THURSDAY, Aug. 2, 2012 (HealthDay News) -- Parents who want to increase the amount of exercise their children get should become more active themselves, according to a new study.
"It has long been known that parent and child activity levels are correlated," study author Kristen Holm, an assistant professor of medicine at National Jewish Health in Denver, said in a news release. "[This study] demonstrated that when parents increase their activity, children increase theirs as well. The effect was more pronounced on weekends."
The study, published in the July issue of the Journal of Physical Activity and Health, involved 83 families participating in a program designed to curb weight gain among overweight and obese children ranging in age from 7 to 14.
The parents and children in the program were encouraged to boost their level of daily activity by walking 2,000 more steps each day. Their progress was tracked with pedometers.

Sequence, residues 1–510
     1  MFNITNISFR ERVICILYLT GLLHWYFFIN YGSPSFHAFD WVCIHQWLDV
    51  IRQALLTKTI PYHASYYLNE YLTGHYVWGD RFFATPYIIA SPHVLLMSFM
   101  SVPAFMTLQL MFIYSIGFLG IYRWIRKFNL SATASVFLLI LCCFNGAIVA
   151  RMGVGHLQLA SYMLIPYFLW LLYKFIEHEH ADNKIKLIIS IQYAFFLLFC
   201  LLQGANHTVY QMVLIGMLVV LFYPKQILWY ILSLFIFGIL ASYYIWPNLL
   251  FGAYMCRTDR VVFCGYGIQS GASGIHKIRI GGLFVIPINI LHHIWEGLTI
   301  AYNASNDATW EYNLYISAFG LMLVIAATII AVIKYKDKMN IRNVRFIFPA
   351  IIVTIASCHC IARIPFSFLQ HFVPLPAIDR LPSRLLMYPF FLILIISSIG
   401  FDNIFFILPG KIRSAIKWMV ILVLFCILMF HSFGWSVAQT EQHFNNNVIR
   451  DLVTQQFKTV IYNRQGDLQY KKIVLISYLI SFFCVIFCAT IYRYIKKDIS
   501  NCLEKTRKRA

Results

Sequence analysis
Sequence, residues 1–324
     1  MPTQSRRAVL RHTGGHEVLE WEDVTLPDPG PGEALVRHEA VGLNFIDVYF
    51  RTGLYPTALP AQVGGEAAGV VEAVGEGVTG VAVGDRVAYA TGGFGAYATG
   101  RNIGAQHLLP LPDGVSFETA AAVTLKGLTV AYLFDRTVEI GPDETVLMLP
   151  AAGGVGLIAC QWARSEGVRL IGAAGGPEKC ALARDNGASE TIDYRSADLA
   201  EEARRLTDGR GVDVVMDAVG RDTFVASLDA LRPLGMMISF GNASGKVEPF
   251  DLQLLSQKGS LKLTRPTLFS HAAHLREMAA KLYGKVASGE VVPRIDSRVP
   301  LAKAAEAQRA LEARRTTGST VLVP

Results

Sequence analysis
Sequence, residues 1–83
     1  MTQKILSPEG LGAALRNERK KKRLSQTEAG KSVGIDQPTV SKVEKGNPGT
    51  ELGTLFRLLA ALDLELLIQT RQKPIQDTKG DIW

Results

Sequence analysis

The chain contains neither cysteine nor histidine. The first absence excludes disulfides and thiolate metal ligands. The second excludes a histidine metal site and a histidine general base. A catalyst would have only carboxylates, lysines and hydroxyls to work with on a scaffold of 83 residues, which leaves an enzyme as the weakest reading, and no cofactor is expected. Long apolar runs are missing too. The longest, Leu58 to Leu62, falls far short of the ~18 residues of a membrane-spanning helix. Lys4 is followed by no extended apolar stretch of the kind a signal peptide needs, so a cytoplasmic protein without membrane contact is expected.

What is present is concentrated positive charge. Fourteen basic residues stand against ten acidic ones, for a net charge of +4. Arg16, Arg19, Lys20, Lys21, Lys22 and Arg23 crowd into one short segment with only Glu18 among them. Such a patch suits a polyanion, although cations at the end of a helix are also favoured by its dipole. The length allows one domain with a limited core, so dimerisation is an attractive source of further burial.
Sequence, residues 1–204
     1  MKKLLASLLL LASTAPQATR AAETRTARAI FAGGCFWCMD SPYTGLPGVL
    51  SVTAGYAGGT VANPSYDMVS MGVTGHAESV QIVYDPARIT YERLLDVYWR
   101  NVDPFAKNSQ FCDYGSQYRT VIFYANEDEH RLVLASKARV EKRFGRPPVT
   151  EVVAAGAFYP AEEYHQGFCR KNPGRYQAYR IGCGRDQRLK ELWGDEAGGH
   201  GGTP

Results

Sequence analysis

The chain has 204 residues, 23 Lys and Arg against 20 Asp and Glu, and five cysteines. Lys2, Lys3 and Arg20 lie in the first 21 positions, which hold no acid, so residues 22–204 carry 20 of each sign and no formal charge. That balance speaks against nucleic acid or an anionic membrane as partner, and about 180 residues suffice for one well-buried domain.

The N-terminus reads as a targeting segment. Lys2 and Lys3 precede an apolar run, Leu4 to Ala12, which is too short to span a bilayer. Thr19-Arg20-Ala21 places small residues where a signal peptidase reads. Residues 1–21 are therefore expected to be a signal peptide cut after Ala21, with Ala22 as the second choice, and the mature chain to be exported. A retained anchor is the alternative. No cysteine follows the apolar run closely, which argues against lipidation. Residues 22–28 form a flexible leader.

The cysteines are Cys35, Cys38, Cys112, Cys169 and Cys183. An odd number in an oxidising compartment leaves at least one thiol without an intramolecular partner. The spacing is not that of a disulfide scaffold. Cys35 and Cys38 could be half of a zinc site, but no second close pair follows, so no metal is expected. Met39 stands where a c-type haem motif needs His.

The study revealed that on the days mothers reached or exceeded the 2,000-step goal, their children took an average of 2,117 more steps. When mothers did not reach the goal, their kids took only 1,175 extra steps. The researchers pointed out that the children who were less active when the program started took more additional steps than the children who were more active.
Overall, the researchers found that for every 1,000 additional steps taken by a mother, their child took 196 more steps. The researchers saw a similar pattern among the fathers and their children.
The researchers suggested that parents and children exercising together more often on weekends resulted in this increase in exercise.
The U.S. Centers for Disease Control and Prevention provides more information on the benefits of physical activity.